Making a habit of good habits

There are behaviours we all wish we were more consistent with, as well as a few things we wish we were less addicted to. Some habits can be easy to form but dif?cult to break, while others are just difficult to form, full stop. The good news is habits aren’t permanent and can change at any time with the right dedication. But how do we form more of the good ones, and less of the unfavourable ones?

How habits are formed

Brushing your teeth in the morning and night; eating a sweet treat after dinner; jogging the same route and distance each week – these are all habits we cultivate over time. Habits are repeat activities that emerge upon establishing a regular psychological pattern. NPR describes the three-pronged “habit-loop” as: the cue, the routine, and the reward.

habits2.jpgThe cue is the spark that urges the brain to slip into automatic mode, allowing a behaviour to occur; the routine is performing the habit itself; and the reward is the part that endears the activity to the brain – ensuring the habit-loop repeats in future occasions. Think about that sneaky snooze habit that happens in winter: the cue is the alarm, the routine is pressing the snooze button, and the reward is that extra bit of time in bed that tells the brain to repeat the behaviour.

The part of the brain that helps form habits is called the basal ganglia – also concerned with development of memories, emotions and pattern recognition; whereas decision-making is allocated to the prefrontal cortex. Habits are automated through repetition: so when a behaviour is repeated enough times, the prefrontal cortex starts working less – causing the action to become almost second-nature.

This is how unwanted behaviours like smoking become habitual – the decision to have a cigarette stops being a conscious decision and instead becomes an automatic action. Recognising this habit-loop and making small changes to the triggers can help to hinder a bad habit.

21 Day Phenomenon

There’s a myth floating around pertaining to the number of days it takes to form a habit. 21 days seems plausible enough; but it’s also incredibly restrictive. Developing a new behaviour shouldn’t be restrained to an arbitrary number.

A study from the European Journal of Social Psychology found that on average, it takes around 66 days for a new behaviour to become automatic. That’s more than two months – and definitely more than 21 days. The study discovered that it took participants anywhere between 18 to 254 days to ingrain a new habit, highlighting the differences in each person when attempting to fully cement a behaviour.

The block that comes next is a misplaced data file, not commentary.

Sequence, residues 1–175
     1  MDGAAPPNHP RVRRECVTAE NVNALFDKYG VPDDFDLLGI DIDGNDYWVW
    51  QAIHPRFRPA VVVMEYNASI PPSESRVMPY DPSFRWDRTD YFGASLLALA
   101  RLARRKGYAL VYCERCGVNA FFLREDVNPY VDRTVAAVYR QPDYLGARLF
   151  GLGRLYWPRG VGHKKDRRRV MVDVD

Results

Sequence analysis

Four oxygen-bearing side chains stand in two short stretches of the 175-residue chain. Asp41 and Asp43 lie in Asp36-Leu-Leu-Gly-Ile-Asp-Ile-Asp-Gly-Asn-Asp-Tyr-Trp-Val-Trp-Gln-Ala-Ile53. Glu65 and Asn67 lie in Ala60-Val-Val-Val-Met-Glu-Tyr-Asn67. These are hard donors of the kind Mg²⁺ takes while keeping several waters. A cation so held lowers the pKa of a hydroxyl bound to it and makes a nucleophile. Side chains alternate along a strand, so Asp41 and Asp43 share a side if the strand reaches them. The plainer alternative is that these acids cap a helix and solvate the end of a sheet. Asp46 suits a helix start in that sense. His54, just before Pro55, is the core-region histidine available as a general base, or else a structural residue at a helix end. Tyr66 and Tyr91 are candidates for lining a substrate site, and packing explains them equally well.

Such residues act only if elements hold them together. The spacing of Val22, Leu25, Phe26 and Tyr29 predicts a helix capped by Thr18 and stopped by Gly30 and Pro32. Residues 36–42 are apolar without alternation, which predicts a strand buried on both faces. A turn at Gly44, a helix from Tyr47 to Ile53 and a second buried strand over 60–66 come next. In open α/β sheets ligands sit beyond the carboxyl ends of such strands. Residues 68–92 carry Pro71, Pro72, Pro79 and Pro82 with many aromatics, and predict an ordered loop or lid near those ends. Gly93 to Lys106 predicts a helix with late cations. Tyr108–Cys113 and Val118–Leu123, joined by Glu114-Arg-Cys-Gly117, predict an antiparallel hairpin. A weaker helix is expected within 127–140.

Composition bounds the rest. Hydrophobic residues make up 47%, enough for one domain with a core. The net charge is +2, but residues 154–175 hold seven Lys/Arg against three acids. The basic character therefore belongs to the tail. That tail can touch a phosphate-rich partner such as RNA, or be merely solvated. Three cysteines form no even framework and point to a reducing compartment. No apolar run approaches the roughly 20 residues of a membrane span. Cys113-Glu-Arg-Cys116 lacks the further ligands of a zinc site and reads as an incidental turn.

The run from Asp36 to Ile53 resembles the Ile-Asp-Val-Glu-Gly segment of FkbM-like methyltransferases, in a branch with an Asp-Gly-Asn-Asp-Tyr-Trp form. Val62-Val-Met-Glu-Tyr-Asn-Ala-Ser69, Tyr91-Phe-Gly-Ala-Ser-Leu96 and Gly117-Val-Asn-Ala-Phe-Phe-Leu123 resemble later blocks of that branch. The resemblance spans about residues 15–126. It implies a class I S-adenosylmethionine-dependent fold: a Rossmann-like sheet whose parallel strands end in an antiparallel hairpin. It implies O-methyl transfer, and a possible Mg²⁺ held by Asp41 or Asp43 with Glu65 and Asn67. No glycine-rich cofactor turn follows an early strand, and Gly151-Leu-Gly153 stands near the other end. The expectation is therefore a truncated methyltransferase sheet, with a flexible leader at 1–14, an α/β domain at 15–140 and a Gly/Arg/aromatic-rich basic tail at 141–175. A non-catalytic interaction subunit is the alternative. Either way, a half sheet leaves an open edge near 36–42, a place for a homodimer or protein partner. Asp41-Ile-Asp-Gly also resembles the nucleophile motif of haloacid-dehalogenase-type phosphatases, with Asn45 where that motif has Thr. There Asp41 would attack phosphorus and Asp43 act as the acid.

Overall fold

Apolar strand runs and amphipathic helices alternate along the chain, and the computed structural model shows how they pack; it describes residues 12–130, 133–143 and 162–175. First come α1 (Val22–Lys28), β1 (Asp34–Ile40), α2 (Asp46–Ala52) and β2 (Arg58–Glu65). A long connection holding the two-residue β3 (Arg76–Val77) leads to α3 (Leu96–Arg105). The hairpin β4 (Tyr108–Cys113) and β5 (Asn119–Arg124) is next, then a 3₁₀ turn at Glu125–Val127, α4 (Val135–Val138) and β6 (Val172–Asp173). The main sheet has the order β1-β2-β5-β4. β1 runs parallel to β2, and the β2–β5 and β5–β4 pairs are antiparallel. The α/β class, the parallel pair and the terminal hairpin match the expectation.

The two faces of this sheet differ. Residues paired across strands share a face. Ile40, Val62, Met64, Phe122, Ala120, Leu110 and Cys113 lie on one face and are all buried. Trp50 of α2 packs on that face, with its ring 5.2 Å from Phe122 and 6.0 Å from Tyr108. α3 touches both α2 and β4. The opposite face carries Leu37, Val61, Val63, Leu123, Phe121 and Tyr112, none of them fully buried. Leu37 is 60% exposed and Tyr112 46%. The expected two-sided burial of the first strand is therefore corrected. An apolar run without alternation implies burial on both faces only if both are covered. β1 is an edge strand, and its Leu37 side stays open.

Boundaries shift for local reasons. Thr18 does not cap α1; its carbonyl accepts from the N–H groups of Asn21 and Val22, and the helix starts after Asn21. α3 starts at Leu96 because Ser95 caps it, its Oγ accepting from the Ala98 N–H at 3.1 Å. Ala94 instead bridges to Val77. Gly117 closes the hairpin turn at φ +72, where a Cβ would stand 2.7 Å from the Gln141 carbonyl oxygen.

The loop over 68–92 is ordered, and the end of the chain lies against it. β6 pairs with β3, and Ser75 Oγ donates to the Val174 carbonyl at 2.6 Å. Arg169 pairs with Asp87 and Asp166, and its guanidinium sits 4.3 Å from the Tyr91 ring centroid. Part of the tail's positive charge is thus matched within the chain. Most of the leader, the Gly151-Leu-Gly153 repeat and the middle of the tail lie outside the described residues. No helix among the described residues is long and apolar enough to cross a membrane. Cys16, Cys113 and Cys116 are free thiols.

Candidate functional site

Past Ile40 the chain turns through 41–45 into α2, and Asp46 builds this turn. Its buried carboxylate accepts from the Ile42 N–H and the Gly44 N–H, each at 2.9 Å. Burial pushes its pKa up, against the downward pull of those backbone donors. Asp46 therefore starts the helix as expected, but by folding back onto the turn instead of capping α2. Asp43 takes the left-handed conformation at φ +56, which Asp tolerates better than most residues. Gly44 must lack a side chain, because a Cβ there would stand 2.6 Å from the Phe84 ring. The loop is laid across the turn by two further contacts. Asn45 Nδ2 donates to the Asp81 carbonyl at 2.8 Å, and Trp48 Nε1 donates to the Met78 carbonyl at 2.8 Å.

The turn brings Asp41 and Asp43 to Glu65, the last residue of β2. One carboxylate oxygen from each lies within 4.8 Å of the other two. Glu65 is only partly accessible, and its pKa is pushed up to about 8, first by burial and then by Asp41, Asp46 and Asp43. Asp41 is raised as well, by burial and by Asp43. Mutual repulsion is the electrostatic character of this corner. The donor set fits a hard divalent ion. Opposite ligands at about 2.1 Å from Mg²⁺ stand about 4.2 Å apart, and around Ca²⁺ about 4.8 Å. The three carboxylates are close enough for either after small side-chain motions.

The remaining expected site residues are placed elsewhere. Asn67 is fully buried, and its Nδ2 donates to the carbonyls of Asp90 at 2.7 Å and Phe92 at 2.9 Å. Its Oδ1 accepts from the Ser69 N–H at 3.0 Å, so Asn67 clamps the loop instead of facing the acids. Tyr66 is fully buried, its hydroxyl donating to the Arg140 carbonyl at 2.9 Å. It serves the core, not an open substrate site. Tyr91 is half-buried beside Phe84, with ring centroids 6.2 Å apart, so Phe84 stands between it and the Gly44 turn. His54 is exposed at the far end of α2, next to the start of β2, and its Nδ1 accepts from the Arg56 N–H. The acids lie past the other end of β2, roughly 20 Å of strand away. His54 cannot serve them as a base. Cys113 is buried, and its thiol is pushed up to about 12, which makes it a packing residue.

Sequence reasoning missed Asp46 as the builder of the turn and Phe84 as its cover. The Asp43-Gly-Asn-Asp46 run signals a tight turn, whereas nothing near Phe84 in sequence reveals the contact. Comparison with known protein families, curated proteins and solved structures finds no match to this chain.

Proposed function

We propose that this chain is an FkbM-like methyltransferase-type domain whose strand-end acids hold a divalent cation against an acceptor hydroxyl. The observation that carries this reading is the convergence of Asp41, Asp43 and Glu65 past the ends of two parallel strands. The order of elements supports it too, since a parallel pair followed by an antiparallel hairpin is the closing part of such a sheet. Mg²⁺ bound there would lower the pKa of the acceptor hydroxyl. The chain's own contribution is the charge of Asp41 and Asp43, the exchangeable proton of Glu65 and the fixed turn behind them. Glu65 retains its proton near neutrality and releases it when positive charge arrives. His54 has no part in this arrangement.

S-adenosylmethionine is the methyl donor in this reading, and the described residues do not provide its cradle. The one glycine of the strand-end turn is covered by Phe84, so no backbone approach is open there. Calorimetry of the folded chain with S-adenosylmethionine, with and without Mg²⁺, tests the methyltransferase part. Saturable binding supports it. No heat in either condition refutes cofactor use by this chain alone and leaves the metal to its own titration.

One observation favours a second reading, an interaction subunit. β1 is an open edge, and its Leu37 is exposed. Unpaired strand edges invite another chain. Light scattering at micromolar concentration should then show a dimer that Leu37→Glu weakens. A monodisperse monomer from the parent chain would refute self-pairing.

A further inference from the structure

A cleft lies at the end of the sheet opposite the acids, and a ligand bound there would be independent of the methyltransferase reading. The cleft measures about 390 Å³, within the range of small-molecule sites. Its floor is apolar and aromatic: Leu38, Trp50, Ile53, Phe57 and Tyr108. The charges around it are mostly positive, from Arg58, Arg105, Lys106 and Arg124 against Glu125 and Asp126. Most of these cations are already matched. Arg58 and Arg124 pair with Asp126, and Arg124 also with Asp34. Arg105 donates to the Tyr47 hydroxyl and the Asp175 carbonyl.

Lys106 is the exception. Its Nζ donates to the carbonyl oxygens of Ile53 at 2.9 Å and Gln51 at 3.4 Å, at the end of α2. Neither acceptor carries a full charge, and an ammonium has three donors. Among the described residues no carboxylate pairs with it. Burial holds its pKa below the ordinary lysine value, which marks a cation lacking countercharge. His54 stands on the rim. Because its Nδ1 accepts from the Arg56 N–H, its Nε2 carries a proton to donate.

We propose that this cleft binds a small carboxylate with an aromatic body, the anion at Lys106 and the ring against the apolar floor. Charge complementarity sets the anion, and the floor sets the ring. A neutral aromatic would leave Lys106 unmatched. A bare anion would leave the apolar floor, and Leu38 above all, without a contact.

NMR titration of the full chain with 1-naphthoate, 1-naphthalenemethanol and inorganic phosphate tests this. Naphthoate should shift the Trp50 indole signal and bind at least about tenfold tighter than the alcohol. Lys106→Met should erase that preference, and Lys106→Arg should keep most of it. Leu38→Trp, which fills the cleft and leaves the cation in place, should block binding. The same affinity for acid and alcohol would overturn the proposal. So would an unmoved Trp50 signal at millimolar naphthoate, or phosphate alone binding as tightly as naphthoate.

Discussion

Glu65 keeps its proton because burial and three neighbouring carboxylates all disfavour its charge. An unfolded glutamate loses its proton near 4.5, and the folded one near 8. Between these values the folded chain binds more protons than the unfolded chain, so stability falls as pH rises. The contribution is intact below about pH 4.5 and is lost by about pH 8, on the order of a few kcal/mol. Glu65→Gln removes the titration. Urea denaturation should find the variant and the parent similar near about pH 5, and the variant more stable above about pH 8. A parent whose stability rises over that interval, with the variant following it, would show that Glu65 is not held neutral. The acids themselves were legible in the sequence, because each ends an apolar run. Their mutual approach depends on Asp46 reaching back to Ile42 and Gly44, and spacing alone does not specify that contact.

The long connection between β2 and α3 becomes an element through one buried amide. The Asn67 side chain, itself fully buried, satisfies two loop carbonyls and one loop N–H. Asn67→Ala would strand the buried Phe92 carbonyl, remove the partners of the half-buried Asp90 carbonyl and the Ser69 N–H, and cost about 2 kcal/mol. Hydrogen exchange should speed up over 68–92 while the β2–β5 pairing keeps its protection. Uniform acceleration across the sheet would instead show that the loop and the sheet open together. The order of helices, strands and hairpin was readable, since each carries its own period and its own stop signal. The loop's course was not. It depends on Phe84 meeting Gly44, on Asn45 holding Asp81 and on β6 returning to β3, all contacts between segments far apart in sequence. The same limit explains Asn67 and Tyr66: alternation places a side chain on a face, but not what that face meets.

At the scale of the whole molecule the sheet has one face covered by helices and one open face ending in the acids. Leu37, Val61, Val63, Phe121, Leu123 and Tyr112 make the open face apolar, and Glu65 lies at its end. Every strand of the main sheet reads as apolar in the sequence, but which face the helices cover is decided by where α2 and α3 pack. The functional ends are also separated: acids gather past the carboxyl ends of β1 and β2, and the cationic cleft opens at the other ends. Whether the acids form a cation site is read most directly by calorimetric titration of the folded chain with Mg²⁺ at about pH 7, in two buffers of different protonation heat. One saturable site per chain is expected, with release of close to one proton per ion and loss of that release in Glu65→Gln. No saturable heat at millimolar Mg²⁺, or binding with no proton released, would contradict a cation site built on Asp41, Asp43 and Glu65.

Breaking bad habits and creating healthier ones

We get it, cultivating a healthy lifestyle can be tough. Especially healthy eating. We’ve all gotten caught up in the magic of starting a new health fad, but after that initial sparkle starts to fade, what are the chances that your desired habit fully pulled through? This could be because of any number of things, from lack of time and clashing schedules to low motivation. Below are some hot tips to making (and breaking) habits:

Where there’s a will, there’s a way

habits1.jpgThe key to creating or cutting a habit is motivation. But it’s hard to stay motivated when your goals are monstrously unachievable. Change the narrative of your goal setting to encompass smaller targets that you are more likely to achieve – this way, you can work your way up the habit chain and still feel accomplished.

Instead of making the gym a 5-day per week mandate, why not try for three days at the gym/one outdoor walk/and one brisk jog a week? Every individual is different: setting harsh mental deadlines can actually prove disheartening and detrimental in establishing a habit – especially if you find you’re not measuring up to the unrealistic standards you’ve set for yourself.

Plan for progress

Simply trying to fit more desirable habits into your day? Figure out whether your energy levels crescendo in the morning or night. If your energy levels peak in the morning, wake up 40 minutes earlier to fit in your new habit – whether it be exercise, meditation, writing or reading. Alternatively, squeeze in 40 minutes in the evening to ingrain your habit. Over time, these micro changes will morph into a regular routine – you’ll struggle to remember a time where you snoozed that extra half hour in the morning!

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Replace the behaviour

Quitting a habit cold turkey can be especially tough. Instead of depriving yourself of an unhealthy fix (like excess sugar or coffee), try to replace the behaviour with something else: e.g. Opt for a herbal tea instead of that 3pm sweet treat. It’s the technique of training your brain to become receptive and accustomed to alternate activities at specific times, over a stretch of time.

Hold yourself (and others) accountable

Holding yourself accountable is one thing, but having responsibility over another person’s actions is a whole new deal. We know that health is hard when you go it alone, which is why we’re big advocates for group activities – and habit-making is no different!

Want to make reading a regular part of your life? Start a book club with a circle of friends to review and discuss a new novel once or twice a month. This way, you know you’ll need to complete at least one book a month in order to reward yourself with a cup of herbal tea with your book club friends.

Practise self-compassion

Don’t throw in the towel after succumbing to an unwanted vice. You’re allowed to make mistakes. Pick yourself up and start again – it’s never too late to start or break a habit. Great habits require steady commitment – putting in the work now means reaping those well-deserved healthy rewards in the long run!